GARCIA-NAVARRO: Massive debt, though, isn't the only issue with the Olympics. Low-income and unhoused people are frequently displaced to make room for event spaces and to give cities a sort of more tourist friendly look. It happened in Rio in 2016 and Atlanta in 1996 and Seoul in 1988. We're talking millions of people over the years. What happens to these communities after the circus leaves town, so to speak?

BOYKOFF: Yeah. Well, I was in Japan in July 2019, and I interviewed two women who were displaced by the National Stadium building for these 2020 Tokyo Games. They were also displaced by the 1964 Olympics. So they were displaced twice by these games. They received a small settlement of money that didn't even come anywhere near their overall moving costs. And they were really highlighting to me that it wasn't just the money side of it. It was that they lived in a community, and it was fractured. A lot of the displacement comes at the expense of public housing. And so the Olympics roll in and developers use it as an opportunity to get rid of public housing. And if we've known anything about the modern era, we need more public and affordable housing, not less.

GARCIA-NAVARRO: I mean, I can attest to that firsthand. The Olympics left Rio bankrupt with unusable infrastructure. So knowing how costly and problematic these games are, why do cities keep vying to host them?

BOYKOFF: There are billions of dollars sloshing through the Olympic system. The thing is, it tends to slosh upwards. I think you could call the Olympics an exercise in trickle up economics. In all my days studying the Olympics, I've never seen a grassroots bid where local working people come together to try to bring the Olympics to their city. But the truth is, fewer and fewer cities are game to host the Olympic Games, and they're just saying no to the Olympics. There have been numerous referenda in various cities around the world where people have had a chance to weigh in. And when they do, they say, no thanks. We don't want to put public money toward the Olympics.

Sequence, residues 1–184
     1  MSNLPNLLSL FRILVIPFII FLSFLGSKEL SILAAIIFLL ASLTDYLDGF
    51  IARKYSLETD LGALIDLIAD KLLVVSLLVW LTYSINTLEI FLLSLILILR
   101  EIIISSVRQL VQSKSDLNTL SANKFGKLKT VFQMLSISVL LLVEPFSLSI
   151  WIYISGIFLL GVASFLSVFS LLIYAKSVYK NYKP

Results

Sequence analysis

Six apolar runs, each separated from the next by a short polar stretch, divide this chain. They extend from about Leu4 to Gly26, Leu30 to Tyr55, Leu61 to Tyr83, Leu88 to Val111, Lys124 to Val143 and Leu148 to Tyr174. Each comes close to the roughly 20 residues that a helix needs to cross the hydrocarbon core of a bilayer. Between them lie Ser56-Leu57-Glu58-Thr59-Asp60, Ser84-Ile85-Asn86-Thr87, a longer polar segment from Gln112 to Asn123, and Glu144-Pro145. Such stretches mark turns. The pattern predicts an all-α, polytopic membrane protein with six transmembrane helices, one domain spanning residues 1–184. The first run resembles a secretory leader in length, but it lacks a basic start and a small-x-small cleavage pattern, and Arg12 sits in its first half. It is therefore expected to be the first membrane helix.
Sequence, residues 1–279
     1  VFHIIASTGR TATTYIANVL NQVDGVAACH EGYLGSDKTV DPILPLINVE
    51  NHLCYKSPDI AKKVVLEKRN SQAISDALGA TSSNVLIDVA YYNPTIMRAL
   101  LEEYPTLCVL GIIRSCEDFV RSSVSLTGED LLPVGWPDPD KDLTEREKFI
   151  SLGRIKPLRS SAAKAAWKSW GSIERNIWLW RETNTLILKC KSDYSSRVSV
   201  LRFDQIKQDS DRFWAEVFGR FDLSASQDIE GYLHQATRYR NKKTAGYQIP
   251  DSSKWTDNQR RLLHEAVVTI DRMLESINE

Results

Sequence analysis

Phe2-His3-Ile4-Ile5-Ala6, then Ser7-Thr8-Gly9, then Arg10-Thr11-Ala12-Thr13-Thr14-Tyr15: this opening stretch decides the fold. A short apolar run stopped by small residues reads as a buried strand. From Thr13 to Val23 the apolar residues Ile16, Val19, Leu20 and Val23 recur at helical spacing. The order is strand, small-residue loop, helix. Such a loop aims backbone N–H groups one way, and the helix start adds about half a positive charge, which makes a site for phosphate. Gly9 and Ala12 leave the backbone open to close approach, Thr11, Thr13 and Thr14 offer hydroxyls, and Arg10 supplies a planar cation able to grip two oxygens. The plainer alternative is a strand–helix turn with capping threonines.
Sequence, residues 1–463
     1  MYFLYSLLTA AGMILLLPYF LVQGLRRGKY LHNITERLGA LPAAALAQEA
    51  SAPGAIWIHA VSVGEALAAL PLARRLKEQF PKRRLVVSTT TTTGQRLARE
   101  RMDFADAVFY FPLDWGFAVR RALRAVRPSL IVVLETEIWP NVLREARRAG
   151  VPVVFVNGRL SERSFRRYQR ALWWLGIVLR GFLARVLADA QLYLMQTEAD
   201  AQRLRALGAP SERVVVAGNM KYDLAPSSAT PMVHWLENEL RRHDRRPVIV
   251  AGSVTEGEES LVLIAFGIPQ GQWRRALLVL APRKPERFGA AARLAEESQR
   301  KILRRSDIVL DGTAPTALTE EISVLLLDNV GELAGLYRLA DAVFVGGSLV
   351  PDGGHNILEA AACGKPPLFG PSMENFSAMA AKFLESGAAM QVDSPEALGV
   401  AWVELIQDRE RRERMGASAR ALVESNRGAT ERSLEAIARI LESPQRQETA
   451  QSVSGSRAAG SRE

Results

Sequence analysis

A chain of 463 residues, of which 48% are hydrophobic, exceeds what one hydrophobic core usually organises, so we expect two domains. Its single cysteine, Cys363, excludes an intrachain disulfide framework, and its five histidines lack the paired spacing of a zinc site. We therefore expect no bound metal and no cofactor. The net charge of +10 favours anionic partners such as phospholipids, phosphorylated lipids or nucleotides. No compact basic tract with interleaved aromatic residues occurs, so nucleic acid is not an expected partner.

GARCIA-NAVARRO: What are the solutions? Because, you know, international sport is important after all. And it is something that does make people feel good and feel proud about, you know, the athletes participating and the nation that produced them.

BOYKOFF: I'm a deep believer in the power of sports. I played professional soccer in the United States, and I even had the good fortune of representing the U.S. Olympic soccer team in international matches. So I'm not some grumpy academic sitting in my office with my smoking jacket thinking about ways I can destroy sports. I want to see the International Olympic Committee step up and be accountable. And I'd say that one of the main ways to make the Olympics better is to give critical thinking athletes more spaces at the table. We're in the middle of what we might call the athlete empowerment era, and there are many smart, critical thinking athletes who participated in the Olympics and would know how to make them better, not just for the athletes, and that should definitely be on the top of the list, but also for everyday people in the host cities.

GARCIA-NAVARRO: That's Jules Boykoff, professor of politics and government at Pacific University and author of four books on the Olympics. Thank you very much.

BOYKOFF: My pleasure. Transcript provided by NPR, Copyright NPR.